William R. James


The dependence of beach fill stability en the textural properties of borrow material requires development of quantitative methods for use in selection of borrow areas and in prediction of possible maintenance costs associated with periodic renourishment. If a shore segment is viewed as a sediment mass transfer system, where grains of different size have different transport rates, then termination of natural sediment input to the shore segment will cause the beach to retreat and the materials in the active zone will become coarser. The ratio of retreat rates associated with a given borrow material texture to that associated with native material can be used in optimizing economic factors involved in selection among potential borrow zones. With certain simplifying assumptions the relative retreat rate associated with a given borrow material texture can be predicted from observations of the modifications in textural properties of native material which occur during the eroding condition following termination of the natural supply of sediment. Further simplifying assumptions result in an analytical expression for relative retreat rates which may not require observations of the natural beach in the eroding condition. The proposed method is in substantial agreement with qualitative guidelines provided in the Shore Protection Manual [2].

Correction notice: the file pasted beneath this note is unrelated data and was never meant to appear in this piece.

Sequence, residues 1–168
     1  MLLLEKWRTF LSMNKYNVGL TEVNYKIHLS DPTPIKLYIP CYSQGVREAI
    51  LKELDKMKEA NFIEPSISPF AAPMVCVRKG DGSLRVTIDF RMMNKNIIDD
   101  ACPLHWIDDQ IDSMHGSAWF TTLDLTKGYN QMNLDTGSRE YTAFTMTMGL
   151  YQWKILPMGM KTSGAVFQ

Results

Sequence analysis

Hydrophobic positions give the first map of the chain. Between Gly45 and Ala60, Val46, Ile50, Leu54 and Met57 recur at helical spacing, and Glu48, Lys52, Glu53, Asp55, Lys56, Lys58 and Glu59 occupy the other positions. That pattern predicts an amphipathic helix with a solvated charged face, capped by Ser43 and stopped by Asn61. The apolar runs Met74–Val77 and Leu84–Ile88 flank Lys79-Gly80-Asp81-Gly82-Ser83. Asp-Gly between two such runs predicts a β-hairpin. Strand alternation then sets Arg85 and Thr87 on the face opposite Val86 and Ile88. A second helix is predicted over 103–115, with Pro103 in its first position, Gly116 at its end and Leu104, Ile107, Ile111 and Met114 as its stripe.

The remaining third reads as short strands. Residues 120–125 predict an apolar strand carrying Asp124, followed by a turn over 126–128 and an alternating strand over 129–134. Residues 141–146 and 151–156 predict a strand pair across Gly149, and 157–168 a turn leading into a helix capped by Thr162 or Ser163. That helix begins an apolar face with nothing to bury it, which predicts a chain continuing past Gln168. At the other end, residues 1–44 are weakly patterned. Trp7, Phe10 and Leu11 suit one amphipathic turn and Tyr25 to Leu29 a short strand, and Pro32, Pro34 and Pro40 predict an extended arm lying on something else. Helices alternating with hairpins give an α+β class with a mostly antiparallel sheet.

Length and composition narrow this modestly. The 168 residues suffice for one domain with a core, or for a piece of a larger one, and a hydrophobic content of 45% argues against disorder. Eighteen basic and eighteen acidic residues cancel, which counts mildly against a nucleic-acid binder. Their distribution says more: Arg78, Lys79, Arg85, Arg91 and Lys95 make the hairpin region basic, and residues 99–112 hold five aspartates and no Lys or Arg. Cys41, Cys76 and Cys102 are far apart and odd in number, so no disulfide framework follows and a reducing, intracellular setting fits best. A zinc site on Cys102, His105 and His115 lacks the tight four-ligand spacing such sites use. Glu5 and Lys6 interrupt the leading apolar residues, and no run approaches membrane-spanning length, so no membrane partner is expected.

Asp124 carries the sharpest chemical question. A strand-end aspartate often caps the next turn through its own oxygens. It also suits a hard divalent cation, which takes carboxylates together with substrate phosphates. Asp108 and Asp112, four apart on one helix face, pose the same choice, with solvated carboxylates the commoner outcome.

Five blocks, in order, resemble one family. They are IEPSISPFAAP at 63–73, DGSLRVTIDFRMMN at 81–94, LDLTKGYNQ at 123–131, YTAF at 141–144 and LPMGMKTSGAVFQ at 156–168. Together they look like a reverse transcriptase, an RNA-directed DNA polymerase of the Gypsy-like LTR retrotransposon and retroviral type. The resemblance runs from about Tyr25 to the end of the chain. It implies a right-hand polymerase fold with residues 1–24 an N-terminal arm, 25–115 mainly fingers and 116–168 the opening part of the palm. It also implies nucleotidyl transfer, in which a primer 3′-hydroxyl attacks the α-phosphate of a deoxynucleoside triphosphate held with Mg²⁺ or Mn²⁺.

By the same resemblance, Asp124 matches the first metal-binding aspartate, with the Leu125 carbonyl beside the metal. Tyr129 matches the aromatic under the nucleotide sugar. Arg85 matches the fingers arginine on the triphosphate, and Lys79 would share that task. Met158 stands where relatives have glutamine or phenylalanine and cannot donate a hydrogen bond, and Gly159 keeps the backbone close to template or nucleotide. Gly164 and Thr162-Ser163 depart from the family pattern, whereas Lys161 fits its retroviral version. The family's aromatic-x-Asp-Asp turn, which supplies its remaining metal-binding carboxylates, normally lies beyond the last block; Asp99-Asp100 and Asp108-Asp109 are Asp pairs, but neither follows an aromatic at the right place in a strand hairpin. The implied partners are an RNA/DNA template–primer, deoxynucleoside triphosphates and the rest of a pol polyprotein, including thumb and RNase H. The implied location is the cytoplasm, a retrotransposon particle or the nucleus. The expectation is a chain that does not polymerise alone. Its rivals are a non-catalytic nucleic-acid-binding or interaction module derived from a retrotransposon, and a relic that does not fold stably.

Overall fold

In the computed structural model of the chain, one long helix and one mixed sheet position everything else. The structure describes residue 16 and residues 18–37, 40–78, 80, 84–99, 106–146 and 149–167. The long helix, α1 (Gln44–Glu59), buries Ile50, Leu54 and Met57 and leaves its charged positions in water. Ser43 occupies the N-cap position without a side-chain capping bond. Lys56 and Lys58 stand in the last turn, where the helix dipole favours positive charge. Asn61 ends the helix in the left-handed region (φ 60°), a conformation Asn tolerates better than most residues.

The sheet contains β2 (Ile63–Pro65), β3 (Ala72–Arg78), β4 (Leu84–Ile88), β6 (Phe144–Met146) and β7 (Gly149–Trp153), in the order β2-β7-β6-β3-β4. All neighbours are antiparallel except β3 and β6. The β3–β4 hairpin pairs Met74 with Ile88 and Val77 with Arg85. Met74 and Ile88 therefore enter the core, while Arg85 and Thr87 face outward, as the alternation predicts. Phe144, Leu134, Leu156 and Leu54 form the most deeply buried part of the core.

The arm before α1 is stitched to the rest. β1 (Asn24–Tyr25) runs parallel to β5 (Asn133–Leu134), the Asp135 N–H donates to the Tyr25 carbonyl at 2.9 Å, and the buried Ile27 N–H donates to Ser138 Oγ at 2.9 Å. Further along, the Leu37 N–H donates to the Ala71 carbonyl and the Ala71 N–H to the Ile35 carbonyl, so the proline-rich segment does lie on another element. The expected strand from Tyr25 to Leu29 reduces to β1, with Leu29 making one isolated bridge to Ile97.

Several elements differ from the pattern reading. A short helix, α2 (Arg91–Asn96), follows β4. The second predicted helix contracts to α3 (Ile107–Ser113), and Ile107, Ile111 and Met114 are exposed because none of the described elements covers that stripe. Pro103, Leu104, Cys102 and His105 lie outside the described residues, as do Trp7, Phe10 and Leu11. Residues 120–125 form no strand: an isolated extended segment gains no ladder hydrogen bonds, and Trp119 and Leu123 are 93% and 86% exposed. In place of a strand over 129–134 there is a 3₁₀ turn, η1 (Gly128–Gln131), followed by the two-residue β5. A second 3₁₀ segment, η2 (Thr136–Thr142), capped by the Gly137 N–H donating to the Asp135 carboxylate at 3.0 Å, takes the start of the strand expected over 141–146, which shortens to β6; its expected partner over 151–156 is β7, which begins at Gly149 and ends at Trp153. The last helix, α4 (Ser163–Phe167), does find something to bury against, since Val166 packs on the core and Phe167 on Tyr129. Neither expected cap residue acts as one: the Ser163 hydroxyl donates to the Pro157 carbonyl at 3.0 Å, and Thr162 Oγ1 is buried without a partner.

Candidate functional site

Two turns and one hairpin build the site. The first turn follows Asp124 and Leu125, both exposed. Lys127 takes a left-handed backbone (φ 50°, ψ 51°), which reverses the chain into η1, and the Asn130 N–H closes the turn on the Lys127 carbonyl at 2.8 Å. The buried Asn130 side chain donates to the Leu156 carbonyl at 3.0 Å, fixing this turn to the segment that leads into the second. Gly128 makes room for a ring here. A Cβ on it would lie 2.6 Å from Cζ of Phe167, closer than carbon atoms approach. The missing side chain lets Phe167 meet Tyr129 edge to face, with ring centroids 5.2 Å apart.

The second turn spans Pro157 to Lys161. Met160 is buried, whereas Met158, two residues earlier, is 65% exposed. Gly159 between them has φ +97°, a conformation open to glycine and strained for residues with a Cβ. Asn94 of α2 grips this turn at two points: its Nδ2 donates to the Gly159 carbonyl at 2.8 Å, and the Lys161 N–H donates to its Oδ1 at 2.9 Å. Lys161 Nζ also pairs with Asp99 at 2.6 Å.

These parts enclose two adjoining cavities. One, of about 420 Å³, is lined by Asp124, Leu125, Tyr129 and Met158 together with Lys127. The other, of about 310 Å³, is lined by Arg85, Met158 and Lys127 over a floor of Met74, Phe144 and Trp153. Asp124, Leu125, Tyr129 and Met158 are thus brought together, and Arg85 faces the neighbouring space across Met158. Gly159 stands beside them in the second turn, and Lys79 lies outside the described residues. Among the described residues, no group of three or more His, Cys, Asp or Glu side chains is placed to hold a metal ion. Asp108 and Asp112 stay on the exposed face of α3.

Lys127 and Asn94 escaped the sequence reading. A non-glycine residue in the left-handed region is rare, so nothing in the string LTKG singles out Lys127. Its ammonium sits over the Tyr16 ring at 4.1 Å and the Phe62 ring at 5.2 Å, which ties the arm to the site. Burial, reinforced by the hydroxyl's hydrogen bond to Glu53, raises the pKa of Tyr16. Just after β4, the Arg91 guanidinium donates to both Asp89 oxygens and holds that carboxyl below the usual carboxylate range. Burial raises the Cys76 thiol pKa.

borrow texture; beach fill; fill stability

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